Kasyanov Kadyrov: Putin accused of encouraging intimidation
Russian politician Mikhail Kasyanov has accused President Vladimir Putin of "silently encouraging" intimidation as a row over a menacing video continues.
The video posted by Chechen President Ramzan Kadyrov, a strong Putin ally, portrayed Mr Kasyanov though a sniper's gun sights.
Mr Kadyrov has criticised social network Instagram for removing it.
Speaking to BBC News, Mr Kasyanov said Mr Putin was responsible for Mr Kadyrov's actions.
"He is one of the 45 governors of the [Russian] regions, appointed personally by Mr Putin, and Mr Putin is responsible for his behaviour personally," he told the BBC's Sarah Rainsford.
"He is supposed to stop his undertakings... but unfortunately there's no reaction. The fact that Putin who is guarantor of constitution doesn't stop Kadyrov - means it's some kind of silent encouragement at least."
'Pressure on the opposition'
Mr Kasyanov, who served as President Putin's prime minister from 2000 to 2004, now leads Parnas, a small liberal opposition party.
He and other Russian opposition politicians have described the sniper video, which appeared after the Chechen leader called Mr Putin's critics "enemies" and "traitors", as a murder threat.
"They want to intimidate us and continue to create pressure on the opposition," Mr Kasyanov said.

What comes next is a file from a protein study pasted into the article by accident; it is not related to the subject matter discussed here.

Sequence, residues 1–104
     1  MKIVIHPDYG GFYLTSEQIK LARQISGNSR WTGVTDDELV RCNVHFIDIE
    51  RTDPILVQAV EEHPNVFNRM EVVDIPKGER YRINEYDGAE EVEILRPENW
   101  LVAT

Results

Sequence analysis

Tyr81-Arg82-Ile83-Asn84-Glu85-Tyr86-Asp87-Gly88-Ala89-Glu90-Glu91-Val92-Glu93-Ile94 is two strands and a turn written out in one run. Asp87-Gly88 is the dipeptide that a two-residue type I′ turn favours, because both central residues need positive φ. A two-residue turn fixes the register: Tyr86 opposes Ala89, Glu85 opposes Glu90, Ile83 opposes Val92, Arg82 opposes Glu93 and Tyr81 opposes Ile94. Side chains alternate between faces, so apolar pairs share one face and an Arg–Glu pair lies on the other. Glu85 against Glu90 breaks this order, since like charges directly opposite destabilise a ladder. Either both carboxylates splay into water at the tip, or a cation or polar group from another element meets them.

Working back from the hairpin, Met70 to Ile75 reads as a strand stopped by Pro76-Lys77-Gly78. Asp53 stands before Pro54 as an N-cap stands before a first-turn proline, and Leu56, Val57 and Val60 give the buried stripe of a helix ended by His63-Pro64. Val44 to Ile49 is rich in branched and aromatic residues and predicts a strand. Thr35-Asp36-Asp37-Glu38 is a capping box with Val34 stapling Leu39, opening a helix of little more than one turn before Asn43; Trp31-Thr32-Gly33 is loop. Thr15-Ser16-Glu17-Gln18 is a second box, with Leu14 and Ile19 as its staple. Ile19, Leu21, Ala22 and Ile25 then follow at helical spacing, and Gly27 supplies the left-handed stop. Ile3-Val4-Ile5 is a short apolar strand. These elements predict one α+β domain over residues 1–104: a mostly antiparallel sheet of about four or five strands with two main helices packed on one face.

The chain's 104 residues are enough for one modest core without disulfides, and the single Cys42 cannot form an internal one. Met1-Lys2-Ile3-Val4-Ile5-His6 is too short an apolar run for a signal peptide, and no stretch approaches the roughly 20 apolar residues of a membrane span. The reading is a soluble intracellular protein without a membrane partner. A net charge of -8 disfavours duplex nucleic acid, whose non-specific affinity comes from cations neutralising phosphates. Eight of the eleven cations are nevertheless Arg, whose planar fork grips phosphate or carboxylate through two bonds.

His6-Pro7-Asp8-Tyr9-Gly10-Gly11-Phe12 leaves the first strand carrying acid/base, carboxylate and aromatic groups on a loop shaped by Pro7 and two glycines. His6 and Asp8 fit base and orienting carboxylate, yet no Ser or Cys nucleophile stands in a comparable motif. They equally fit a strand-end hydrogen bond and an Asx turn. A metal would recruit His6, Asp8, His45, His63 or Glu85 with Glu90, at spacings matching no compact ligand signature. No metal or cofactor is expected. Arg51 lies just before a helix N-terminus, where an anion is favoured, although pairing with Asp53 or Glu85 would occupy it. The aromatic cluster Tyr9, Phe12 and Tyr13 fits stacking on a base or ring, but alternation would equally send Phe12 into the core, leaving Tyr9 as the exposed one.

"The main purpose is pressure on the opposition. To make fear. So that we stop our active policy."
He described Mr Kadyrov as "one of the most outrageous pieces" of the current Russian political system.
"Like all people in Russia, we should all be worried about what is going on," Mr Kasyanov said.
"But we've chosen our way and we have to stand up and continue to do our job."
The former prime minister argued that a campaign of intimidation was under way because the Kremlin feared the opposition speaking out about the economic crisis and other issues.
"That's why they are afraid of us," he said. "Because we will describe who is responsible for the problems of the people."
Instagram said the controversial video had "violated the requirement to respect other members" of the social network.
Mr Kadyrov, who has ruled Chechnya with an iron fist for nearly a decade with the support of the Kremlin, suppressing separatism, accused Instagram of bowing to US pressure.
In a new Instagram post, he said he had been punished for saying a "few words about the USA's guard dogs".
"You can write anything you want, but do not touch America's dogs, friends of the Department of State and Congress," he said. "You know very well whom I am talking about!"
Last March Mr Kadyrov spoke out on Instagram about the assassination of opposition figure Boris Nemtsov in Moscow, defending one of the Chechens charged over the shooting.
A day later President Putin gave Mr Kadyrov a top award.
Nemtsov, also a leading member of Parnas, was among several well-known opponents of Mr Putin assassinated in the past decade.